Vegetarian genomic study shows not eating meat is not good for you

[This post was written by George Henderson, a New Zealander and researcher at the Auckland University of Technology who is incredibly knowledgeable in physiology and biochemistry, especially as they pertain to metabolism and diet. He is also the founder of the rock band The Puddle, which has recorded numerous albums. His website is The High-Fat Hep C Diet. I’m hoping we’ll have more from him on this site. I’ve added a few notes and clarifications, with permission.]


Generally, a study that purported to show that vegan and vegetarian diets are harmful would be welcomed by meat eaters, who get a lot of pseudoscientific criticism from members of those groups, some of it disguised as sober science.

Populations that have eaten a vegetarian diet over several generations have an increased risk of heart disease and cancer, according to a report published in the journal Molecular Biology and Evolution.

The report argues that communities who haven’t consumed meat for generations are more likely to carry genetic mutations that raise the likelihood of inflammatory disease and cancer.

The authors, from Cornell University in the US, believe that the mutation is the result of an adaptation which made it easier for vegetarians to absorb fatty acids from plants. They believe that the mutation, found in the FADS2 gene, causes these fatty acids to be converted into arachidonic acid. [excerpt added by PDM]

But no one was much impressed by the Pune (India) vs. Kansas study. Even Tom Naughton wrote it off as meaning the same thing the head of the NZ vegetarian society said it meant – that omega-6 seed oils just aren’t good for us anyway.

But I thought about this, and, not so fast.

Seed oils high in omega 6 are harmful for the descendants of long lines of vegetarians because such people, because of an adaptation to the virtual absence, from their diets, of DHA and AA (arachidonic acid), the very long-chain polyunsaturated fatty acids found in animal flesh and organ meats, have a more efficient version of the genes involved in synthesizing these fats from alpha-linolenic acid (ALA) and linoleic acid (LA). Too much LA overwhelms these enzymes, which only seem to be loosely regulated, and results in an excess of inflammatory AA products and an inadequacy of very long chain omega 3 fatty acids.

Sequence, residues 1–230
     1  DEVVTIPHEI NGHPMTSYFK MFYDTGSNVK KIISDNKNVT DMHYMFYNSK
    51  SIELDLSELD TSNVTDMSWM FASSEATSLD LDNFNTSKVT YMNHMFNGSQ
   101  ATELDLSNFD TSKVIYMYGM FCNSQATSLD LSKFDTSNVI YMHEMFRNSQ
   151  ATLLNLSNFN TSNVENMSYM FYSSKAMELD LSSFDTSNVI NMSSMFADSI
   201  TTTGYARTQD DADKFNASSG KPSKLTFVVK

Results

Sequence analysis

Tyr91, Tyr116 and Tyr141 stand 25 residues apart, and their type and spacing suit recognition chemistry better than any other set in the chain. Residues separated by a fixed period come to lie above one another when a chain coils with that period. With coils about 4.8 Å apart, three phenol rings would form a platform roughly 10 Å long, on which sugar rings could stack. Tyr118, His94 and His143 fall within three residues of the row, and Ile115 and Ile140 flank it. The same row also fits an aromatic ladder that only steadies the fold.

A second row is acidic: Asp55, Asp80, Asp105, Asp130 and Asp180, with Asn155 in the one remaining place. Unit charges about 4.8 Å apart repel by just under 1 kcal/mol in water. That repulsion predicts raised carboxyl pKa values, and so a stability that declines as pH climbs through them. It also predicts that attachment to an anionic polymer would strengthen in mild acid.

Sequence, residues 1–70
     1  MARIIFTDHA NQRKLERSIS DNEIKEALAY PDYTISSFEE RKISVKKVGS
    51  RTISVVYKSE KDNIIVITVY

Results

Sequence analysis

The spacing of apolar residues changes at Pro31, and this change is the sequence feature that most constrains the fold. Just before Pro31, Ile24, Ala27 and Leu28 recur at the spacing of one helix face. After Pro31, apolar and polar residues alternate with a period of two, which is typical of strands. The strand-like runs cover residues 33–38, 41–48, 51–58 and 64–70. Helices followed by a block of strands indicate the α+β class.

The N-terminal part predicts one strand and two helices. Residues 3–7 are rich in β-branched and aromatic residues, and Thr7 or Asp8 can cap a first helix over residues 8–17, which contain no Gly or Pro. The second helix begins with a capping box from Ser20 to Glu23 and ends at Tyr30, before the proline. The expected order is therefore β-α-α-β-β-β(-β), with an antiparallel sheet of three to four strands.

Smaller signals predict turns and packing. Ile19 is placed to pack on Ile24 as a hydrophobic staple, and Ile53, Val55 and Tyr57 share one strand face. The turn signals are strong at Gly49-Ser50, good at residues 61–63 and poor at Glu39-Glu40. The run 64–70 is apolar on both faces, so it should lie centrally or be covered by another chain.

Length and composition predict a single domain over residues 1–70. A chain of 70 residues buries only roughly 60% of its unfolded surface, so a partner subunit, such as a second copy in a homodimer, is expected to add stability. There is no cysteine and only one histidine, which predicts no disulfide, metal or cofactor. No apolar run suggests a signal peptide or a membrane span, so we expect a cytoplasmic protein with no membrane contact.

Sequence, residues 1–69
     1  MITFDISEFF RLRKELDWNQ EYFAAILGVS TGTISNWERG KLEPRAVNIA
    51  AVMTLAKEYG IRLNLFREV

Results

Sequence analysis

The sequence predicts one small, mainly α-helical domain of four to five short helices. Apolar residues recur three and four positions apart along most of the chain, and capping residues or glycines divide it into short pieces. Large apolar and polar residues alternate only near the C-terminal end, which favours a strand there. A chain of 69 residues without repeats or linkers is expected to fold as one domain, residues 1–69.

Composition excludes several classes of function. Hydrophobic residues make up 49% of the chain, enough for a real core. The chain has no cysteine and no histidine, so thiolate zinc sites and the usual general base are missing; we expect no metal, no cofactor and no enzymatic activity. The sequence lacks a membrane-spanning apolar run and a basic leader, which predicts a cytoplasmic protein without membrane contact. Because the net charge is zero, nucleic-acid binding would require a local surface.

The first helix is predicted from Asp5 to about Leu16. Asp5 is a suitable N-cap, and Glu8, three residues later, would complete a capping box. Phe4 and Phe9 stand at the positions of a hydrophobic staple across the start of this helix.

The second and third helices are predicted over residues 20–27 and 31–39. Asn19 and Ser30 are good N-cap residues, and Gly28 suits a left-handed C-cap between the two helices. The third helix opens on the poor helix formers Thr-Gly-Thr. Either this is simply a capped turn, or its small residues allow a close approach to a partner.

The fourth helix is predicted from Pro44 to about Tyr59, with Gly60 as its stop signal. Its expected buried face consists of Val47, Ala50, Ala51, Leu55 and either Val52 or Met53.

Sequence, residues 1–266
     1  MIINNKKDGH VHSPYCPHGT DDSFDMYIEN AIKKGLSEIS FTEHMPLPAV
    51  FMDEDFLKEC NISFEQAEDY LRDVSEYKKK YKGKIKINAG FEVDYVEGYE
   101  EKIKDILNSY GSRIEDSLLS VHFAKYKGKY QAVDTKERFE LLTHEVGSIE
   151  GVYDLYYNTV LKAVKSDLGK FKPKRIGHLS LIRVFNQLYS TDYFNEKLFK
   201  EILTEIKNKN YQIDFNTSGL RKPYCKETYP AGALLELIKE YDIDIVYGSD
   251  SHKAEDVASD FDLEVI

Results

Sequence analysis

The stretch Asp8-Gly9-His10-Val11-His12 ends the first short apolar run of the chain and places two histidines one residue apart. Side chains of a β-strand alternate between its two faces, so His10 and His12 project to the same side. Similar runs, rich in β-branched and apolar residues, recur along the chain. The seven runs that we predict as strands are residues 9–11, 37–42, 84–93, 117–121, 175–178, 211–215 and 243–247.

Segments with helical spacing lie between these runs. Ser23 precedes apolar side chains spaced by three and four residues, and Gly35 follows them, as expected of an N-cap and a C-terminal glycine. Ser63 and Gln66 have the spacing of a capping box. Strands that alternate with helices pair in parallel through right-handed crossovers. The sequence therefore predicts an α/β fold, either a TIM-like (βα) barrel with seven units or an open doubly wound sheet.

So this adaptation is good for vegetarians eating traditional diets, as in Pune where the traditional fat source would have been ghee, with a little mustard seed oil added. Low in omega 6, balanced in omega 3, enough hearty saturated dairy fat to protect against the diabetogenic effect of a diet high in both starch and sugar.

But think about it – this adaptation isn’t some random lucky fluke. For one gene to dominate over another like this, there needs to be some significant and sustained reproductive advantage.
Reproductive advantage means one or more of these – greater fertility, fewer stillbirths, fewer complications of pregnancy, lower mortality early in life, greater attractiveness to a mate.

The vegetarian PUFA genetic polymorphism flourished because, in the past, people without it, eating vegetarian diets, suffered some combination of infertility, stillbirth, dangerous pregnancy, early mortality, or plain butt-ugliness.